Out + About

Let me recommend a really good comical read; no longer in the shops but undoubtedly out there on Amazon: the works of Betty Macdonald, author of The Egg and I + that anecdotal account of the Great Depression “Anybody Can Do Anything”. In the latter she describes the morning commute on the Seattle street-car: a woman wearing a coat that looked “as though she’d dipped a collie in water + slung it round her neck”; and inhales the “crowded morning smells of wet raincoats, hard-boiled egg sandwiches, bad breath and perfume”.

Anybody Can Do Anything

Some of our most memorable encounters with scent are fleeting olfactory glances in the street: I remember a Nile cruise in 1992 and disembarking at a midnight Luxor to find the wharf in a blue cloud of the scent of the moment, Volupte. Yesterday’s sprint into M + S (I only wanted the loo) was enlivened by a waft of Youth Dew insinuating itself through the main doors: like running into an old childhood friend. And remember poor old Al Pacino bewitched by Caron‘s immortal Fleurs de Rocaille in the movie “Scent of a Woman”?

The moral maze: if you are bewitched by a passing scent, should you stop the wearer and say something? I mean: should you praise, or enquire? Most women ( and men too for that matter) love to be asked: whether they will give you a truthful answer is another matter. My mother was a great ambassador for Serge Lutens‘ pearly jasmine masterpiece A la Nuit, attracting attention with it wherever she went…but she could never remember the name. Others prefer to keep their own secret and will fob off the questioner with temporary memory loss or deliberate misinformation. I love the way that perfume encountered on the wing can spring a surprise and alter your whole perception of a scent. Chance encounters with two very famous but tricky scents metamorphosed for me in a magical and unexpected manner that stays with me still: a beautiful mahagony-haired girl in black fur and Samsara buying postcards at the National Gallery about 12 years ago. And even more distant but just as bewitching, a trail of Chanel No 5 wafting across the stalls at an otherwise uninspired afternoon at the ballet, traced to a pair of honey-tanned shoulders above white linen.

My favourite anecdote is of Frederic Malle‘s pre-launch testing of Musc Ravageur: famously, he sent out his P.A. sprayed with the prototype and found her pursued on the Metro like a vixen by hounds. Paris had voted on her feet: formula confirmed!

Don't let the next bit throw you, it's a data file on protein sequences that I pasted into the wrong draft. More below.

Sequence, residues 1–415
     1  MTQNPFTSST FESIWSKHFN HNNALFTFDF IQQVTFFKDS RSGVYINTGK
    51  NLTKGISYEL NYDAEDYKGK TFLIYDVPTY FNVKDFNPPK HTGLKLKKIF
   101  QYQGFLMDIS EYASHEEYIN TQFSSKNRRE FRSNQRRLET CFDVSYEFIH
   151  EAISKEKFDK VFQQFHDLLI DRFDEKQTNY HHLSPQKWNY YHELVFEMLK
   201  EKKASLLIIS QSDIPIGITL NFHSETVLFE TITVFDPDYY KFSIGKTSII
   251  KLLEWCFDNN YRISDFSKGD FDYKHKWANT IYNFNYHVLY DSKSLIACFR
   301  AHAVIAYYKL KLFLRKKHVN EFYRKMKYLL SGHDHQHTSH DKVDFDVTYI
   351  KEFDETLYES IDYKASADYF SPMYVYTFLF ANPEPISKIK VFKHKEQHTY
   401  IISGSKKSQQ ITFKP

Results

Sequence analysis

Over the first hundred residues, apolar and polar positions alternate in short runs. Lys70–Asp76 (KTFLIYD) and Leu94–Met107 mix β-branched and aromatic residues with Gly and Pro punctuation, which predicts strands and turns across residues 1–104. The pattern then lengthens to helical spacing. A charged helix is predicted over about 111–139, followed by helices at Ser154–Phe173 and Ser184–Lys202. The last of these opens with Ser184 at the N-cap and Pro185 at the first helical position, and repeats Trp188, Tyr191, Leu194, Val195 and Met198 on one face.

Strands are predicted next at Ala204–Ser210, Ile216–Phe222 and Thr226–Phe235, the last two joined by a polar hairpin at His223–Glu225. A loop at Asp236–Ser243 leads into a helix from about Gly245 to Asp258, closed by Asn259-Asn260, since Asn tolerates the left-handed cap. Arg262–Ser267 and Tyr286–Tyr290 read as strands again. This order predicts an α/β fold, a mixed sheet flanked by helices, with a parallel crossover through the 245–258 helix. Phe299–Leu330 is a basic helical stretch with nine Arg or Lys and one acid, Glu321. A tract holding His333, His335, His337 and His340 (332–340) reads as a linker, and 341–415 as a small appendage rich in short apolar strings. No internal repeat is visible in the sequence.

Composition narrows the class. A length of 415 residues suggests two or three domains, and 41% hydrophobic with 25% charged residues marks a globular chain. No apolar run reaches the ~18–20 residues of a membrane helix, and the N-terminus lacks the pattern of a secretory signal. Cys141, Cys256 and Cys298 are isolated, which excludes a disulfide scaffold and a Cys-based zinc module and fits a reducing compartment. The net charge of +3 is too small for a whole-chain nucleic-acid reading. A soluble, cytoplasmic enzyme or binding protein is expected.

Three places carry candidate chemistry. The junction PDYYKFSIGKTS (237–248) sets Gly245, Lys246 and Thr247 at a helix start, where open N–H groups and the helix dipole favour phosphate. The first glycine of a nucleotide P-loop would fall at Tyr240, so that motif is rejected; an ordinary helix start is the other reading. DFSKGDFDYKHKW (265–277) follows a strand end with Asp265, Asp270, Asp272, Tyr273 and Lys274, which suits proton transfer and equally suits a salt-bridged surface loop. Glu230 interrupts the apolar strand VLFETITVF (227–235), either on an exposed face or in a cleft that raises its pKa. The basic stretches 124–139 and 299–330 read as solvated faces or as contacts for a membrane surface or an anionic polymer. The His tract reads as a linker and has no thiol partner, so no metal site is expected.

Image from Amazon.co.uk

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Dream Factories

We know scent and smell have legendary properties in stimulating our memories: I was amazed and greatly moved this weekend to inadvertently recreate a smell that I had lost touch with decades ago. A liberal polishing of the dining room furniture followed by a generous dousing of the room with cedar perfume was laid down to soak for an hour and on re-entering the room I was transported to my grandmother’s house of 55 years ago, the scent of which I had consciously long since forgotten: but it surged back, like an emotional tidal wave with all its associations – the wine velvet curtains; the bolts of wartime black out material (invaluable for dressing up as Anne Boleyn, vicars, the public executioner); the curious smell of an Edwardian can-opener and concomitant traces of tinned grapefruit juice; fifteen minutes of television twice weekly; the slightly sinister innards of the two grandfather clocks; and the faintest hint of horseradish.

And that last note led my memories on to the school library, ten years later, where the dessicated dusty leather book covers and dried ink seemed to emanate a century of Victorian roast beef dinners.

No wonder that perfume shops and fragrance departments in the big stores are such strange, exotic and other-worldly places: crystalline caverns where the emotions, memories, impulses and desires are in a constant state of arousal and stimulation, in a precarious state of control, as unruly, instinctive and feral as ill-trained dogs. Working in such an environment or visiting such magical environments are akin to intensive visits to an over-enthusiastic and prodigal aromatherapist: staff and clients alike need to plan and prepare if they are not to be overwhelmed. Open a window; and “take your heart in both hands”, as the old song says. This is why we have always advised patience and time as key tools for scent selection; as the late great Mona di Orio always said, since a beautiful perfume is created by instinct, so must it be chosen in the same way.

And instinct needs clear channels and confidence in oneself: a freeing of the mind, a delicate concentration, a sublimation of the mundane. Instinct is not impulse, it is recognition of what is right. Rigid self-control and for the beginner expert advice is essential to clear the decks and enable you to smell minimally: grabbing at every bottle in sight is fun but leads to disaster. Ponder on what you desire – whether is be reassurance, self-confidence, sexual allure, the reflection of a loved one or idol, the evocation of place, the finishing touch to a new outfit. Analyse yourself, not the perfume. Watch, wait and listen like the old road safety ads. Wait the perfume out, watch it go through all its phases and tricks, observe what it does to your heart and mind…then pounce!